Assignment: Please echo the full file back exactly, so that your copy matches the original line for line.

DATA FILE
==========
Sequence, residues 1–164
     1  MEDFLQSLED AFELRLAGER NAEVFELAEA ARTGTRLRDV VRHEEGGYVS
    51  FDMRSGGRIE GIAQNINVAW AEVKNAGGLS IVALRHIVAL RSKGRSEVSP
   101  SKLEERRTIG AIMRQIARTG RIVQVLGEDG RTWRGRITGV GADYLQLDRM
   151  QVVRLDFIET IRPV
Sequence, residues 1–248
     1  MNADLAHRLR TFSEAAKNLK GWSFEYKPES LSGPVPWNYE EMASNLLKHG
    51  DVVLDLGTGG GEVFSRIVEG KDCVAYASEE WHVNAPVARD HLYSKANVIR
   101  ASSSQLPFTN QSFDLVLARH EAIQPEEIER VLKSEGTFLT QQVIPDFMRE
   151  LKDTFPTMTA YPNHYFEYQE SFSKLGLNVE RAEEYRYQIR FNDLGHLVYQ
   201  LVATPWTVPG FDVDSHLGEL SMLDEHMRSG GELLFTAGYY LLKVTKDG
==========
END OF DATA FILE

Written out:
Sequence, residues 1–164
     1  MEDFLQSLED AFELRLAGER NAEVFELAEA ARTGTRLRDV VRHEEGGYVS
    51  FDMRSGGRIE GIAQNINVAW AEVKNAGGLS IVALRHIVAL RSKGRSEVSP
   101  SKLEERRTIG AIMRQIARTG RIVQVLGEDG RTWRGRITGV GADYLQLDRM
   151  QVVRLDFIET IRPV
Sequence, residues 1–248
     1  MNADLAHRLR TFSEAAKNLK GWSFEYKPES LSGPVPWNYE EMASNLLKHG
    51  DVVLDLGTGG GEVFSRIVEG KDCVAYASEE WHVNAPVARD HLYSKANVIR
   101  ASSSQLPFTN QSFDLVLARH EAIQPEEIER VLKSEGTFLT QQVIPDFMRE
   151  LKDTFPTMTA YPNHYFEYQE SFSKLGLNVE RAEEYRYQIR FNDLGHLVYQ
   201  LVATPWTVPG FDVDSHLGEL SMLDEHMRSG GELLFTAGYY LLKVTKDG